How does a union boss lose power? Contrary to the claims of union supporters, this only rarely happens by the electoral action of membership. (Union internal elections are so problematic that the federal government had to enter voluntary compliance agreements with 24 unions that had to re-run their elections in 2015 because of irregularities—and that only scratches the surface of union officers manipulating the election system to make keeping their jobs easier.) Instead, corruption, personal hubris or other individual failings are generally the quickest way to end your union career prematurely.
Consider the story of Dave Regan, President of Service Employees International Union United Health Workers-West (SEIU-UHW) and a Vice President of the national SEIU.
Once a key ally of then-SEIU President Andy Stern appointed to subdue rebellious leadership and rank-and-file members in SEIU-UHW, Regan is now desperately fighting an expensive battle with current President Mary Kay Henry for influence and power. Some had suspected that Regan intended to challenge Henry for SEIU national president. Now, thanks to his own impetuousness and Henry placing a bunch of his members under the control of her allies, that dream looks likely to die.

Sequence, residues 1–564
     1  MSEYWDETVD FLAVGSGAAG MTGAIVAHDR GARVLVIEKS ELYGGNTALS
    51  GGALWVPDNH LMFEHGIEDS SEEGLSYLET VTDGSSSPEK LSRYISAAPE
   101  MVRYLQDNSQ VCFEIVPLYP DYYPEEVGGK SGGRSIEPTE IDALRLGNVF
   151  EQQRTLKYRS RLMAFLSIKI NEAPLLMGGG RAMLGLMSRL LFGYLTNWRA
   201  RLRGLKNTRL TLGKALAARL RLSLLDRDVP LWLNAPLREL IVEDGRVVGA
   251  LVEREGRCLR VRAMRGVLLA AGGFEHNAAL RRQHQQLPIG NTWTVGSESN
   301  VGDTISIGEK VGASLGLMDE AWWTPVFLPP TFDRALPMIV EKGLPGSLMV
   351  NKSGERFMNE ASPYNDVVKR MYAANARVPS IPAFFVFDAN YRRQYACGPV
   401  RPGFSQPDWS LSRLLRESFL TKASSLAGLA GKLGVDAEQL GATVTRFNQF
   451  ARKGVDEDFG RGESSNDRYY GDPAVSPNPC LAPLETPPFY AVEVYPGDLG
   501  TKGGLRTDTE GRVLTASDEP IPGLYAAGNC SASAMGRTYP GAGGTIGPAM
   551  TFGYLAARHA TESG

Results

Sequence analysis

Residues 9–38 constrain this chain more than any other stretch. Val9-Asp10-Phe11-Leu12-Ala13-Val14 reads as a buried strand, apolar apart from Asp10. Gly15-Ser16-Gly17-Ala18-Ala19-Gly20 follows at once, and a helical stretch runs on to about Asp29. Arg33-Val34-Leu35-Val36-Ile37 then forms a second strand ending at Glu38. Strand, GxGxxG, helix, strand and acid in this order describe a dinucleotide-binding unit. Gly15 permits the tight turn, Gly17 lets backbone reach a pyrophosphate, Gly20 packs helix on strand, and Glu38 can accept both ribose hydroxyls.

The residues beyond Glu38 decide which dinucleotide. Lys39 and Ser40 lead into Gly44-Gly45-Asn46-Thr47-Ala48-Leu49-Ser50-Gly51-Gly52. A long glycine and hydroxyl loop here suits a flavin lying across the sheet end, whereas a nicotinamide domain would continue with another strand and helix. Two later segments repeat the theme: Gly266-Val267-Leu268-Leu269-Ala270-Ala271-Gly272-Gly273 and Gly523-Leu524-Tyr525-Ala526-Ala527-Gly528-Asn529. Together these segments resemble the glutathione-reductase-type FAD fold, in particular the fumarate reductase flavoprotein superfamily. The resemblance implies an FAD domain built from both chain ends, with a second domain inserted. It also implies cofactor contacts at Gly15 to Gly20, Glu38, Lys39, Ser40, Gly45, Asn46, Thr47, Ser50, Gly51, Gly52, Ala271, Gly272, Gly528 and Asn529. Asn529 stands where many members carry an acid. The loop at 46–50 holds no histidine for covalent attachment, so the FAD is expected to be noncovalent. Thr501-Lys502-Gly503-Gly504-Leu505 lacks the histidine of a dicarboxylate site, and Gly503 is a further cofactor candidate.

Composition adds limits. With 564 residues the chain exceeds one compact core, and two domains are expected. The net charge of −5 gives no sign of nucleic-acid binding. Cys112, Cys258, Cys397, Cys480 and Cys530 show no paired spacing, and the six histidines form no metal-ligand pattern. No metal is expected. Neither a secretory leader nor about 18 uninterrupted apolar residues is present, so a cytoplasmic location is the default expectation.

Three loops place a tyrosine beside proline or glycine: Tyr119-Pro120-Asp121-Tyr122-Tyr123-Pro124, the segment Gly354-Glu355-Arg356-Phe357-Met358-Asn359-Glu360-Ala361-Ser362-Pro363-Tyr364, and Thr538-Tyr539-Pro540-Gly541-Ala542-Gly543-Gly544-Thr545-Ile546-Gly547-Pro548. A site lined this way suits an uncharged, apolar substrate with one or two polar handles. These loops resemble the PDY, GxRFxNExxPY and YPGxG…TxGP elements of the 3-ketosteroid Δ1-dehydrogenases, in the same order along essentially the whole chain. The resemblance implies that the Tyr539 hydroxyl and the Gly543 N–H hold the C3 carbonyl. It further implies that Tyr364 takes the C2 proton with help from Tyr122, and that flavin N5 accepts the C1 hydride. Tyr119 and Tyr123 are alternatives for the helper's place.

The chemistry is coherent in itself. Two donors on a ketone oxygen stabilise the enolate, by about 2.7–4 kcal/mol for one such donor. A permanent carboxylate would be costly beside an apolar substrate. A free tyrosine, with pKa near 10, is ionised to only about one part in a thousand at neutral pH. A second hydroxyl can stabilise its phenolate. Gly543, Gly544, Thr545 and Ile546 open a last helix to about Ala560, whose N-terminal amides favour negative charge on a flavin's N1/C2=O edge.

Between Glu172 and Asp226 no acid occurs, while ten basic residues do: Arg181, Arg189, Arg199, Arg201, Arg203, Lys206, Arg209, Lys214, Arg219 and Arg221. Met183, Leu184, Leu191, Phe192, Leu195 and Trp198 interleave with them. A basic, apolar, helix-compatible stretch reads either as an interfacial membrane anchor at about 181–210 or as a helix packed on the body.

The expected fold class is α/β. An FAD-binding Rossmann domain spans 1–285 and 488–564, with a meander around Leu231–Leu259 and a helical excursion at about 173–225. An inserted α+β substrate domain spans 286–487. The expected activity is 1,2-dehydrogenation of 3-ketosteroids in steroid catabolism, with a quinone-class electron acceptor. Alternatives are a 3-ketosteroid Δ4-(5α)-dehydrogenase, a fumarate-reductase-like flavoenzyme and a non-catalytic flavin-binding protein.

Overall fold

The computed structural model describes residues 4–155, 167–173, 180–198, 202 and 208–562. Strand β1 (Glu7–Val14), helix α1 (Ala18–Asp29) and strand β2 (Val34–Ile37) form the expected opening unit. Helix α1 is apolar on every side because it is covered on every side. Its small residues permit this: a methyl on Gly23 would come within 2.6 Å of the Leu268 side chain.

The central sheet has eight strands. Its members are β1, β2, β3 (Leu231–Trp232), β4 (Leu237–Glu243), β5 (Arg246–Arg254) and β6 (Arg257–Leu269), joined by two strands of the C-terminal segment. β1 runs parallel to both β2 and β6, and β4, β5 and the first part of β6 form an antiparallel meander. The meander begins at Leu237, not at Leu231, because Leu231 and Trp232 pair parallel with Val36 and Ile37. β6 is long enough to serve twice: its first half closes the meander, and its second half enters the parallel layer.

Adding to his troubles, Regan is also accused of assaulting a process server in his home state of California, according to CBS San Francisco. CBS reports:
Dave Regan is accused of pushing a process server down the steps of his Kensington home, refusing to be served legal documents in a dispute with the California Hospital Association.
Police say the server was injured and had to have medical treatment.
When police got to Regan’s home, they said he was aggressive and tried to intimidate the officer.
Police referred the matter to the District Attorney to determine if charges should be filed. It’s not the first time Regan has been associated with violent behavior. A demonstration he led in 2008 against a trade unionist group honoring the head of the California Nurses Association resulted in fights that John Sweeney, then-head of the AFL-CIO, called “a violent attack.”
If Regan goes down for his allegedly violent temperament or for coming at SEIU’s chief and missing, he should at least count his blessings that it’s not ending in legal trouble. SEIU Vice President Dana Cope pleaded guilty to charges related to his theft of over $500,000 in local union funds in November, placing him in the less-than-distinguished company of such SEIU financial miscreants as Tyrone Freeman, Janett Humphries, and John McMahon.